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Web Indexing Awards - 2014 Feedback
To encourage high quality web site indexes and to promote the web indexing
work of professional indexers, the Web & Electronic Indexing Special Interest Group
of the American Society for Indexing awards a deserving indexer
the annual Web & Electronic Indexing SIG Award for excellence in web site indexing.
First Place - Indexing team of Cheryl Caballero, Erica Smith and Rosalind Guldner, Canada
Legislative Assembly of Ontario - Hansard (index to debates of the Ontario Legislature)
Usability/ease of use in navigating within the index and finding information
- A-Z for speakers and subjects at home page
- A-Z for relevant index at top of each page
- Entry's locator navigated to top of page (day) then user had to use ^F and keywords to find speaker or subject rather than jumping to first instance using anchor with left and right arrows to jump between instances. Tool would have done this.
- All topics or speakers in index were found in Hansard using locator URL and ^F search.
- User had to go back to copy keyword if they forgot before clicking on link so they could do a ^F search on page or PDF, which was clumsy.
Sufficient coverage of web site content, i.e. indexing depth and completeness
- Quite a lengthy and thorough index of political issues even for an Australian unfamiliar with Canadian politics.
- Every speaker on a day was listed by subject then name or by name then subject.
- Subjects were 2 or 3 per speech of speaker which may run for several paragraphs so not too dense but enough to get reader to right area to browse.
Wording of entries and subentries
- Quality wording of entries.
- Reasonable subheads.
- In subject index, subject was followed by subheads and speaker.
- In speaker index, subject was followed by subheads.
Correct use of cross-references
- Good use of cross references e.g. Aboriginals
- Cross references had cross references. Grouping of cross-references may have helped simplify index using thesaurus.
- Cross reference entries jumped to anchor on index page so no searching required.
Sufficient and appropriate use of double posting
- Double-posting was done under subject and speaker indexes.
- E.g. subject then speaker or speaker then subject.
No broken or incorrect links
- There were no broken links in index entries but the page number was inaccurate or non-existent so ^F had to be used to fish around in HTML or PDF by subject or speaker.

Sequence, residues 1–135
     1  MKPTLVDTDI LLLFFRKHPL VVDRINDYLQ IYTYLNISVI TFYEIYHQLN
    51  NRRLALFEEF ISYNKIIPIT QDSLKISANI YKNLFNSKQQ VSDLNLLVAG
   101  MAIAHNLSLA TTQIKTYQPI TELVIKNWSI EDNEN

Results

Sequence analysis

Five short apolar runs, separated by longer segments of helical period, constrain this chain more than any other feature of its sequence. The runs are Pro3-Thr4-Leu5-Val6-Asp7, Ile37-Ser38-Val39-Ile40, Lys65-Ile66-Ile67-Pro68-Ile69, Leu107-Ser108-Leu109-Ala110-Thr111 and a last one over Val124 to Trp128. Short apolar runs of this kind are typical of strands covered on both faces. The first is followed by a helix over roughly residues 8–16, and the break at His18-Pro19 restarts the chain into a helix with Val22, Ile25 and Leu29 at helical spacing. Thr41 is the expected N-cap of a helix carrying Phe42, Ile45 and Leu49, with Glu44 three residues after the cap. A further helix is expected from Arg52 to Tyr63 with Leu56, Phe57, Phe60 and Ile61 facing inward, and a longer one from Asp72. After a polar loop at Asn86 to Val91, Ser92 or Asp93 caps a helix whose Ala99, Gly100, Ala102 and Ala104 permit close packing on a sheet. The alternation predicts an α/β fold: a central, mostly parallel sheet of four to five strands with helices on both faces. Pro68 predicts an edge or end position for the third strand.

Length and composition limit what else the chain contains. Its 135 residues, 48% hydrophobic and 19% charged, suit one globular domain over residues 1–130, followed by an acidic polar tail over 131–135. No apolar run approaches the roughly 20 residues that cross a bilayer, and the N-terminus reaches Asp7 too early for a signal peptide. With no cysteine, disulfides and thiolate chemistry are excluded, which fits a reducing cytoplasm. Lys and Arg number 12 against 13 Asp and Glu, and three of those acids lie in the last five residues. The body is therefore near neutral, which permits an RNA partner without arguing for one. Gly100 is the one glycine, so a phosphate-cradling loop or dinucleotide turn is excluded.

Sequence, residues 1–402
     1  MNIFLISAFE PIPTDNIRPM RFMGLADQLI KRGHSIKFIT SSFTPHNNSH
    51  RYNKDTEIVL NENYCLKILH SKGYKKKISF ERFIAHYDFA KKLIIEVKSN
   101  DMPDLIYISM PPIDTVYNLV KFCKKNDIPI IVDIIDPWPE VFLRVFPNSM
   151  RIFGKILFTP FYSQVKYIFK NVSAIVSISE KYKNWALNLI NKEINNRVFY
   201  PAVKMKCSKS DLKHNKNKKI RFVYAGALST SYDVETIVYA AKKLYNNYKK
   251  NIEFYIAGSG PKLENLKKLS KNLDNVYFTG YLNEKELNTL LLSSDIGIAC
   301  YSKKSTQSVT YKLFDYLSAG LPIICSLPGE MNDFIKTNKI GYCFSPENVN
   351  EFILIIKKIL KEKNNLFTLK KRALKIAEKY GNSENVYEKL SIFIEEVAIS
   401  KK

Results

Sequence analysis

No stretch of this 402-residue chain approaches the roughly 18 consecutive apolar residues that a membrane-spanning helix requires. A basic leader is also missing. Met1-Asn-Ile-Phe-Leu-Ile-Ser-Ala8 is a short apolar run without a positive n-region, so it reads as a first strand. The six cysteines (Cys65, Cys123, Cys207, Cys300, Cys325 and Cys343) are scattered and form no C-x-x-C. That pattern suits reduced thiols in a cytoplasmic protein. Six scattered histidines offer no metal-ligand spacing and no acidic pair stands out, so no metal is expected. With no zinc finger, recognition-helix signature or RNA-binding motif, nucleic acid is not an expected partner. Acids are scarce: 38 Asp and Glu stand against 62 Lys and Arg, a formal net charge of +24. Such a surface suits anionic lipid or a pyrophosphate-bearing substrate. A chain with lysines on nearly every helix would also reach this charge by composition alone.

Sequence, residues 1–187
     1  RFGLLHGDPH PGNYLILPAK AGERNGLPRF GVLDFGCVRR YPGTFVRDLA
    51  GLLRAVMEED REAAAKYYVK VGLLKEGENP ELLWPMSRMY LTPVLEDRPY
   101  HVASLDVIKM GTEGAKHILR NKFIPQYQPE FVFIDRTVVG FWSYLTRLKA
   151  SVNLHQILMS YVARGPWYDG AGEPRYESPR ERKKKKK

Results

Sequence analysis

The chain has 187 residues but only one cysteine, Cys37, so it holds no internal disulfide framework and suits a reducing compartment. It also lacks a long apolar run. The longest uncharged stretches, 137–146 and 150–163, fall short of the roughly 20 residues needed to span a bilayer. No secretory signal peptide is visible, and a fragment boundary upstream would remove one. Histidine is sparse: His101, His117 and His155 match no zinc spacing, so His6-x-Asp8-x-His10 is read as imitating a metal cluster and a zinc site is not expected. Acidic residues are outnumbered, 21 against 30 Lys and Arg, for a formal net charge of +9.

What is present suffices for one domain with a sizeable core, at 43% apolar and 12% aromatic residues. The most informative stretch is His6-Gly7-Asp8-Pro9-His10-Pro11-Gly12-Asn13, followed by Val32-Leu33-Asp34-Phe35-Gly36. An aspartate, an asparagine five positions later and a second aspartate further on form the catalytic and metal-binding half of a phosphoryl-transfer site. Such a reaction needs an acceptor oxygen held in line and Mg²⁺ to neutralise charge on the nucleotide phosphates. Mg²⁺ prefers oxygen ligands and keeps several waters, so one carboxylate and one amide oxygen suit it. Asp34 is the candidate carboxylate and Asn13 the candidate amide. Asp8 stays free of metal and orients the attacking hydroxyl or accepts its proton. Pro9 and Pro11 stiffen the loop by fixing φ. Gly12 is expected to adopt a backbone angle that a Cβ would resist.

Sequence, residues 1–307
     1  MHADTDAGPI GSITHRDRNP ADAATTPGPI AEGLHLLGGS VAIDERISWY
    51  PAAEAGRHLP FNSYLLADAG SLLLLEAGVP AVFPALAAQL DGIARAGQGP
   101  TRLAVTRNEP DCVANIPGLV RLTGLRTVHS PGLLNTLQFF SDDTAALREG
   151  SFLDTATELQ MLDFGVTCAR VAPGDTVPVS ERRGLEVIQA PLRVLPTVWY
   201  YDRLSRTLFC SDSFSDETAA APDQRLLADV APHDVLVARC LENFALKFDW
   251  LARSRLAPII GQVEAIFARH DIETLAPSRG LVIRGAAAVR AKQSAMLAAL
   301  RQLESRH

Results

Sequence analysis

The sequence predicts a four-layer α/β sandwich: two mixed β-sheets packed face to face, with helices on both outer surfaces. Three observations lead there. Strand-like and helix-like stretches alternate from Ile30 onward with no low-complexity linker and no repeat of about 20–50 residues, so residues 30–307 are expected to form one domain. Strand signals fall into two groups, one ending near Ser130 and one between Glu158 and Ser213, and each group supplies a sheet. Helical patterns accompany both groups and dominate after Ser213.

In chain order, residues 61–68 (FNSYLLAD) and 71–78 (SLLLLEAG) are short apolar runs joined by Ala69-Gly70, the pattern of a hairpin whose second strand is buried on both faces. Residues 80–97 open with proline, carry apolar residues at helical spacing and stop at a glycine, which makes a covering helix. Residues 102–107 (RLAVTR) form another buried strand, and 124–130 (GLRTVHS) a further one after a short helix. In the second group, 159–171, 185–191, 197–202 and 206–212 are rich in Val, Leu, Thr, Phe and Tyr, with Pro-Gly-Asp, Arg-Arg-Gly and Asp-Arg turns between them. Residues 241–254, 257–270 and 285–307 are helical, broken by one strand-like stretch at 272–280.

- Back link broke once instead of returning to home page.
Special features used, e.g., the use of a special method to indicate a page that is particularly important
- Subjects were in bold.
- Act entries were in italics.
- Basic layout of site was elegant and functional.
- Index was basic HTML.
- Search allowed not just current parliament's Hansard but other relevant documents to be found to explain terms in index e.g. Ring of Fire.
- Each page had a mini subject index at top which was not alphabetical so index was needed.
- An introduction re how the index was organised round subjects and speakers would have helped (index introduction was later pointed out by indexer). Explaining to use ^F and keywords to find relevant part of HTML or PDF page would have helped. User had to copy the keyword before opening page so they could find it on the page which was a little bit clumsy. However whole page was available so whole context was available not just a snippet.
- Each page (day) was in HTML with a link to PDF so index was for both HTML and PDF.
- Index was in English only.
- Apostrophes were curly instead of straight so ^F would not work on words like O'Tool.
- There were no page numbers on HTML version making all index entries jump to top of page.
- PDF version had page numbers referred to in index but were not accurate so ^F search had to be used still.
^F is the browser or PDF search, not site search or Google search.
Judge: Dwight Walker, Web and Electronic Indexing SIG Webmaster, American Society for Indexing, January 28, 2014